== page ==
Jesus, following a line of teaching begun by the Prophets, turns this around—making the social-ethical aspect of religion take priority over the ritual dimenion. This is a thematic emphasis expressed, for example, throughout the Sermon on the Mount (see esp. the instruction in Matt 5:23-24), and it is certainly present here in this petition of the Prayer. Consider that Jesus might have said “may you release for us our debts we owe, even as we released the debts owed to us”; however, instead, the second half of the petition personalizes the matter, in terms of social relationships—not the debt owed (o)fei/lhma) but the person who owes the debt (o)feile/th$). The Lukan version makes the same point with a verbal participle: “…for (the one) owing [o)fei/lonti] to us”. Indeed, in Luke this is turned into a more inclusive, universal principle: “…for every [panti] (one) owing to us”.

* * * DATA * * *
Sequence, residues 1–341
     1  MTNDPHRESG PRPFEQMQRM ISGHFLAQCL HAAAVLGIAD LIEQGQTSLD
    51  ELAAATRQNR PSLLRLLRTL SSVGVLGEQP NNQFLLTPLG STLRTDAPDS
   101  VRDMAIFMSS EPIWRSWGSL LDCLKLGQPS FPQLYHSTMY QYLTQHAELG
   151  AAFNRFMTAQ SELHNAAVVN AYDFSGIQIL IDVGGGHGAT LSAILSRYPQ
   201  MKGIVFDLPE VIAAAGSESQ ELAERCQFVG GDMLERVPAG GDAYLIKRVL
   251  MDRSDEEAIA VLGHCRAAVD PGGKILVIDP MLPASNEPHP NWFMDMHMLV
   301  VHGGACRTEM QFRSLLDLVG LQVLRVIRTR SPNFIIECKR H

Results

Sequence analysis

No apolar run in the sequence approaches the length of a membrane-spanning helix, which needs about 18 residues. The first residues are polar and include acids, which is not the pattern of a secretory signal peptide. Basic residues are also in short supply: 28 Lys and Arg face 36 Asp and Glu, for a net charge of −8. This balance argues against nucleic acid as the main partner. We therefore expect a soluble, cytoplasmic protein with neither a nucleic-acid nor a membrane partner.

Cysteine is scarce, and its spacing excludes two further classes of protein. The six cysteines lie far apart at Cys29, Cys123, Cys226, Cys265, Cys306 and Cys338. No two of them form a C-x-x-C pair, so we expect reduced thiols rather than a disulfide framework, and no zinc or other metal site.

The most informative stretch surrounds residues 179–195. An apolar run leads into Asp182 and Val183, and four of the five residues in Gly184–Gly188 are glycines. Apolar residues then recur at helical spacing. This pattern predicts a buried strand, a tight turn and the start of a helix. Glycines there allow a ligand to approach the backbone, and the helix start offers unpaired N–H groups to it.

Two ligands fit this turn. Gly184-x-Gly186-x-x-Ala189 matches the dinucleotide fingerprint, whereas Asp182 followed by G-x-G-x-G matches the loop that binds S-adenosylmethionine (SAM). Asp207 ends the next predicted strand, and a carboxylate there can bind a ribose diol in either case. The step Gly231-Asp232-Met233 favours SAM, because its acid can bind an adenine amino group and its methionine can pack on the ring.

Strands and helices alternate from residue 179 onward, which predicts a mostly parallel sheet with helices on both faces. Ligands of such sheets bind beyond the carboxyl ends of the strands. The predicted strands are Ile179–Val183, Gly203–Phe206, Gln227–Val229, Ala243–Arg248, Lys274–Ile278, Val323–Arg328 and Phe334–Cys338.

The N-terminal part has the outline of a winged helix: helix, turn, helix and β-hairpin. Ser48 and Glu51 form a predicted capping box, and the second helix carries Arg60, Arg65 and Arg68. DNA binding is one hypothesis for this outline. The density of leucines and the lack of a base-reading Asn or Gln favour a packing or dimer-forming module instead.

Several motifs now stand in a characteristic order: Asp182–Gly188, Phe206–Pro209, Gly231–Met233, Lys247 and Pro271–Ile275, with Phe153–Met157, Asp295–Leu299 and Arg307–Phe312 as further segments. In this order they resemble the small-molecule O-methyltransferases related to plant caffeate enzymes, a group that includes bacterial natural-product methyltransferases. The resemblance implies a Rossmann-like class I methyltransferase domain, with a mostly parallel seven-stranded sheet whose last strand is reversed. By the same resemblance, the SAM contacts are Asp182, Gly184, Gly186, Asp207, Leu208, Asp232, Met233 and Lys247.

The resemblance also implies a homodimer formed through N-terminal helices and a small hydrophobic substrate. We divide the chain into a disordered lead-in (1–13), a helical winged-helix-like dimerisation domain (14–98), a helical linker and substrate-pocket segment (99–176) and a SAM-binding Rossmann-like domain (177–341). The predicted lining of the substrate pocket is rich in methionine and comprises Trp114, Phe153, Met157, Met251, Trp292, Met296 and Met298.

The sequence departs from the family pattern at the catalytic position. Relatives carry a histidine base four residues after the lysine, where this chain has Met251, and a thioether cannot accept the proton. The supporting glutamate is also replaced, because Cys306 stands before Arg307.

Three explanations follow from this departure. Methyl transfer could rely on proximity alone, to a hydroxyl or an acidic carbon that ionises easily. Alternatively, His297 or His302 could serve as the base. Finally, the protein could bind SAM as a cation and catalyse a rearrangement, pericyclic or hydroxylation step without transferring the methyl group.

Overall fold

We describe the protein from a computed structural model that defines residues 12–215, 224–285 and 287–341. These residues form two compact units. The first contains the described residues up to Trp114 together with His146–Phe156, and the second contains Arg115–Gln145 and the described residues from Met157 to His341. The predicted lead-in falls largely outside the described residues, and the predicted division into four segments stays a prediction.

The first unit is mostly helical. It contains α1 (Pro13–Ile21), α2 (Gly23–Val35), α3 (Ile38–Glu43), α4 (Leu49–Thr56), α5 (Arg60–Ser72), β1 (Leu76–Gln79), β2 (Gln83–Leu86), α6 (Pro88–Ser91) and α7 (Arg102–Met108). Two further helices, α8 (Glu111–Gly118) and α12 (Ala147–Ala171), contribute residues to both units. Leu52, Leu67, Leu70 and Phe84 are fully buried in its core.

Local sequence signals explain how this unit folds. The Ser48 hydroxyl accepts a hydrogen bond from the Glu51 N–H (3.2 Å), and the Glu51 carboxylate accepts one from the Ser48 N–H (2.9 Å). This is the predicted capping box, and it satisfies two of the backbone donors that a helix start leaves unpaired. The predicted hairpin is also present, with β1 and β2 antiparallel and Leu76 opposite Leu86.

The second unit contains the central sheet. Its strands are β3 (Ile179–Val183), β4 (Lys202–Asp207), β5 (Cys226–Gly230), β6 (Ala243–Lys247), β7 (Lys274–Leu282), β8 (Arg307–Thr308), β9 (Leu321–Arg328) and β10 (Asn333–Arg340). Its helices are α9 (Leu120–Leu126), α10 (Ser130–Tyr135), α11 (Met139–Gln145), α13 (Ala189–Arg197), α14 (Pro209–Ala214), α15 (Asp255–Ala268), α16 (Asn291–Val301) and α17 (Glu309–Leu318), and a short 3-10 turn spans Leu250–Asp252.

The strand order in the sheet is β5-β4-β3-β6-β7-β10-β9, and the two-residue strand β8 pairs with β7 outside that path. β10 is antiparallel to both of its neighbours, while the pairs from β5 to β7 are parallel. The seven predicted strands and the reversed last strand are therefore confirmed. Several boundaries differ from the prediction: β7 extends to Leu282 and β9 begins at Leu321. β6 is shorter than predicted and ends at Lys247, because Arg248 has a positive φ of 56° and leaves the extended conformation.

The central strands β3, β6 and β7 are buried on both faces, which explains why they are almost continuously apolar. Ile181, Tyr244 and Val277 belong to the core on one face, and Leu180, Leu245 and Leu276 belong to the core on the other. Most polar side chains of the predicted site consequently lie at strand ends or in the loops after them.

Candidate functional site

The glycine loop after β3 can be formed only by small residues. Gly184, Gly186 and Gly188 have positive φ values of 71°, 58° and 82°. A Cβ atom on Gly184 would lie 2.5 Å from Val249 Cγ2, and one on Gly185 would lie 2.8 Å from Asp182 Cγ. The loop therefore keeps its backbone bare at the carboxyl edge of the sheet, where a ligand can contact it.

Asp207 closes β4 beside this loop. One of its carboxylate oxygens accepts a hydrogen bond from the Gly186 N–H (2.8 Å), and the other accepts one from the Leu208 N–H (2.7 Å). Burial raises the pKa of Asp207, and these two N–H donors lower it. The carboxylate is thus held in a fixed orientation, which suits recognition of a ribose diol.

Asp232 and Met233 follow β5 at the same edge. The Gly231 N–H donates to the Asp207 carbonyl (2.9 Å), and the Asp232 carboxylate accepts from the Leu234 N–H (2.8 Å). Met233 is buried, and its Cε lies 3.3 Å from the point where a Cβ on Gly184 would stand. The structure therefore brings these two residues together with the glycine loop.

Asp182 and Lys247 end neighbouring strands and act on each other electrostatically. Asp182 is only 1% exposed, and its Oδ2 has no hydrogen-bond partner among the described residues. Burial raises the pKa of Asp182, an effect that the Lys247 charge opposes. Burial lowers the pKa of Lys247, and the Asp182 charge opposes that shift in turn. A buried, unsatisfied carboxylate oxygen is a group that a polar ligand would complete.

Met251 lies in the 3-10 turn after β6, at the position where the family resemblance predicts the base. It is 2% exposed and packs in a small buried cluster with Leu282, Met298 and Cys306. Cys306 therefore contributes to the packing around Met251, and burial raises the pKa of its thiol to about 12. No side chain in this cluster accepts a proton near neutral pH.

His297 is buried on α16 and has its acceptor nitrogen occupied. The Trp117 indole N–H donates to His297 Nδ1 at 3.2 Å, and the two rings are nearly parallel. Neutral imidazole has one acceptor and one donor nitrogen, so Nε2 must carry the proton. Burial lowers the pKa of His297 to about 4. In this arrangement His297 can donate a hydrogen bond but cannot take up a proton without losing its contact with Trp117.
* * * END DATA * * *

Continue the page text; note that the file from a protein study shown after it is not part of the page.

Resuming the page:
As discussed in the prior note, a precise interpretation of this part of the Prayer depends on how one resolves the (text-)critical question, both in terms of the differences between the Matthean and Lukan versions, and the form of the verb a)fi/hmi (“send away, release”) in the second half of the petition. If the reading a)fh/kamen (“we [have] released”) is correct, then it implies that having our debts released by God requires that we (first) be willing to forgive the things owed to us by others. This condition is expressed a bit differently in the two versions:

    • Matt: “…even as [w($ kai\] we (also have) released our (deb)tors owing (to us)” — i.e., this is something we have done.